Well, our meandering Austrian saga continues its inexorable journey towards oblivion. If you recall, two weeks ago I told how my wife and I had received an angry letter from the Austrian government via our car hire firm.
Apparently, during our trip to Germany, on the day we decided to tootle across the border to Salzburg, we had driven on a stretch of motorway which required a pre-paid toll sticker to be affixed to our windscreen. Not being aware of any such rule, we progressed blithely into the Julie Andrews Alps and into a mountain of debt (well, €120, payable pretty much immediately).
The sting of said vehicular larceny was eased somewhat last week when I received a letter from a reader, a Mr Neil Thomson, who not only voiced his support for my plight, but also recounted an Austrian incident from his motoring past which ended the same way. Actually, he even took it as far as complaining to the Austrian embassy, but the staff there turned out to be as immoveable as a Ribena stain on a new white linen tablecloth.
But at least I wasn't alone in my situation. At least you all cared. Or so I thought…
This morning I got a very cross email from a Mr… well, I shall allow him the cloak of anonymity in case any of my loyal followers decided to instigate a Twitter hate campaign against him.
His basic point was that myself – and the gallant Neil Thomson – had only ourselves to blame, deserving any Austrian punishment coming our way. Apparently, the fact that we didn't check the situation on the country's motorways vis-à-vis pre-paid toll charges was an indictment of the British disease of expecting foreign countries to bend to our will and refusing to adhere to their cultures and laws. As far as he could see, we were no different from the Union Jack-shorted hordes who stride through Fuerteventura demanding sausage, egg and chips and the Daily Mirror from any locals we meet.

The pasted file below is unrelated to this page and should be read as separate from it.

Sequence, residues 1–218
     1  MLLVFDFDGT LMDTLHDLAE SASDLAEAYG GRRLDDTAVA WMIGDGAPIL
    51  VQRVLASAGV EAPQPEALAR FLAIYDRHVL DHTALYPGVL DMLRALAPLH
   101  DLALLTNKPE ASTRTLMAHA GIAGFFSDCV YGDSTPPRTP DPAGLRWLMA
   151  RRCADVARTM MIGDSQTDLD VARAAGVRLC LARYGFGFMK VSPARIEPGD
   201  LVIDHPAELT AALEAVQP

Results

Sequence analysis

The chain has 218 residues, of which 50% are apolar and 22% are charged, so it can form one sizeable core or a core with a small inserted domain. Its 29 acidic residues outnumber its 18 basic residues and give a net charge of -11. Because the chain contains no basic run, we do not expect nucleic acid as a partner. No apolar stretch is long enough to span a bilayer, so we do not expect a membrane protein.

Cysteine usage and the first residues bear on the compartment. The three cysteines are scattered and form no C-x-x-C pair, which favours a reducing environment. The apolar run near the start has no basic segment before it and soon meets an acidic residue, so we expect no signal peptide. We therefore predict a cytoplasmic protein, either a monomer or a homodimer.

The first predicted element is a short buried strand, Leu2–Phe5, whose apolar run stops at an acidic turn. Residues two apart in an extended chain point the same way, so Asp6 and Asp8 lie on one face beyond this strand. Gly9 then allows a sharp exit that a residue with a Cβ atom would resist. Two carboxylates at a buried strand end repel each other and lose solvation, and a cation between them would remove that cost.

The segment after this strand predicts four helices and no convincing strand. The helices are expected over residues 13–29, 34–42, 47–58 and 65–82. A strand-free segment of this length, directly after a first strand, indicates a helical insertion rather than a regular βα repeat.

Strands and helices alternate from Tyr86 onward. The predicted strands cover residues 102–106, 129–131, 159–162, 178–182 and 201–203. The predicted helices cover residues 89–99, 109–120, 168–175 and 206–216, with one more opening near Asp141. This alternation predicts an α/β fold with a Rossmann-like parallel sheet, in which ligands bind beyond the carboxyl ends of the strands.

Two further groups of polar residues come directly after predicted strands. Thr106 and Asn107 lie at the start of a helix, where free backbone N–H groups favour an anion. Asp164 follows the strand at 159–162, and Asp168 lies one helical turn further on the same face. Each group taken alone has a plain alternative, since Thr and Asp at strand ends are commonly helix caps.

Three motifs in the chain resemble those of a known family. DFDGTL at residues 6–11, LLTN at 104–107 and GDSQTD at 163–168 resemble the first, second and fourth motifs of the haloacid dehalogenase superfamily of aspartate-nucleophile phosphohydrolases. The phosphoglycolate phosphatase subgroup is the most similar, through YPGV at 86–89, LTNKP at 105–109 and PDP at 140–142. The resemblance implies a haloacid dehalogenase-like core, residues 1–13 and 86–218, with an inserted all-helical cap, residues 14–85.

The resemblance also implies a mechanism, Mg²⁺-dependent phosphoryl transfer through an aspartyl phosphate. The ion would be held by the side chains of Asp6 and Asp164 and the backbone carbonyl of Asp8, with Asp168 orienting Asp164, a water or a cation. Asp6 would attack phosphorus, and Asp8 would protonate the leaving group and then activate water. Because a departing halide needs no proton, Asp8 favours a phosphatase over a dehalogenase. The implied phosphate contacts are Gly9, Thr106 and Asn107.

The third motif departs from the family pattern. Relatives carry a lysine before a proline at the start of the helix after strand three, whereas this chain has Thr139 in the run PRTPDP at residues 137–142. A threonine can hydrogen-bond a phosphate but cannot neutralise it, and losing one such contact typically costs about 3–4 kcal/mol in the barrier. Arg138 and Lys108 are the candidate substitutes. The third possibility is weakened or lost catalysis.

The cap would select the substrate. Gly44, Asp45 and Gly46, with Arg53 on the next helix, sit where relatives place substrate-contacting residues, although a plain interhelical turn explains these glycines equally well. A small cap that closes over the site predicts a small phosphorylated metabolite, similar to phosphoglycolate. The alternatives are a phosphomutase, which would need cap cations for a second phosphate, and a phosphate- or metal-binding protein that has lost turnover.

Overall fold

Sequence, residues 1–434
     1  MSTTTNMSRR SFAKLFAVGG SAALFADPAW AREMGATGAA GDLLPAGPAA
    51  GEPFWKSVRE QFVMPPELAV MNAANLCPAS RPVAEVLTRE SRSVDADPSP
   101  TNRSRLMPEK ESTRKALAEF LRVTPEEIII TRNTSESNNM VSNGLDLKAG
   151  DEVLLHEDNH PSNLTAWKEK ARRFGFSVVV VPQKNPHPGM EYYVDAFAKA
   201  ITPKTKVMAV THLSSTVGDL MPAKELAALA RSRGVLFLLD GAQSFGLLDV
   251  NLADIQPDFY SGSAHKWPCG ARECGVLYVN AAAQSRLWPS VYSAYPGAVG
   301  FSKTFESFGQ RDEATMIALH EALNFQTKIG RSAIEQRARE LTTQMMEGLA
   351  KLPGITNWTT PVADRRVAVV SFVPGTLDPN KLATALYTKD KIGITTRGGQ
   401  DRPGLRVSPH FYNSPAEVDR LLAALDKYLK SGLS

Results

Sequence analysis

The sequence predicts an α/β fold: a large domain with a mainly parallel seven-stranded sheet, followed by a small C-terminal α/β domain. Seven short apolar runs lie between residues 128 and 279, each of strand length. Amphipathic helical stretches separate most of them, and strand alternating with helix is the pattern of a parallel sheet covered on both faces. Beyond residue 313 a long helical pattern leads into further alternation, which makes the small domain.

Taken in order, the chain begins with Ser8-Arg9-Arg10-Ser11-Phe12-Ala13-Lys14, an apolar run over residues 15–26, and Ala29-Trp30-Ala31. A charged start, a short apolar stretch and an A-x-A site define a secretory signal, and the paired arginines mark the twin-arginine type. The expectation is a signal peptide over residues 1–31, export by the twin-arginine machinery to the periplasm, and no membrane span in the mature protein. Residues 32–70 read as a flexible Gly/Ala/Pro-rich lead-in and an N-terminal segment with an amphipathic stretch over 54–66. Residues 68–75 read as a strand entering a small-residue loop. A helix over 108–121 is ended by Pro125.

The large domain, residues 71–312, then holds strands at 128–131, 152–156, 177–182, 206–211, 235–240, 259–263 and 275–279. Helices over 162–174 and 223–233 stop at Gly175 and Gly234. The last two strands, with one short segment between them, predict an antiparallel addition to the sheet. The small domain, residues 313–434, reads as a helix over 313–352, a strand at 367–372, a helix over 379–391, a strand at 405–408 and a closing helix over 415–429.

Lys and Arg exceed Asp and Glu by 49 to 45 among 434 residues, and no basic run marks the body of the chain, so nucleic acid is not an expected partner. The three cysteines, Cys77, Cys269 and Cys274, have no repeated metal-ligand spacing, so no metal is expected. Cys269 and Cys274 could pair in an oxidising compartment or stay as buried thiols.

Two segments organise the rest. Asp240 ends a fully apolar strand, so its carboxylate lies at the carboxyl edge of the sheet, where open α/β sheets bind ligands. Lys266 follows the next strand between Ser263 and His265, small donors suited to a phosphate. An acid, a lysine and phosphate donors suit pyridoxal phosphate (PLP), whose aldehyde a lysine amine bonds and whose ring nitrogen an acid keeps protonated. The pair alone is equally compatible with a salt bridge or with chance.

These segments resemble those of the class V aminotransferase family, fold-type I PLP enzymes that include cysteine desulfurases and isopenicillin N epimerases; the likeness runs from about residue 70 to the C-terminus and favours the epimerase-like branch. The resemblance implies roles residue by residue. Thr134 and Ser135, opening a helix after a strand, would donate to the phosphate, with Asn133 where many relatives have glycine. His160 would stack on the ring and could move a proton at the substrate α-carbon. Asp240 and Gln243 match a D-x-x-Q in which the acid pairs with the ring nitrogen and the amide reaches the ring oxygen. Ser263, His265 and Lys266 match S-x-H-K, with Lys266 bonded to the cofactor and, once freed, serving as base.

Forgive me, Mystery Reader, but you're talking out of your strudel. I love to assimilate with the local culture. Why, my wife will be happy to testify how I very nearly bought a pair of putty-soft lederhosen in Munich, but was put off only because they "didn't look authentic enough". So next time you question my international acumen, picture me in a pair of snug leather shorts.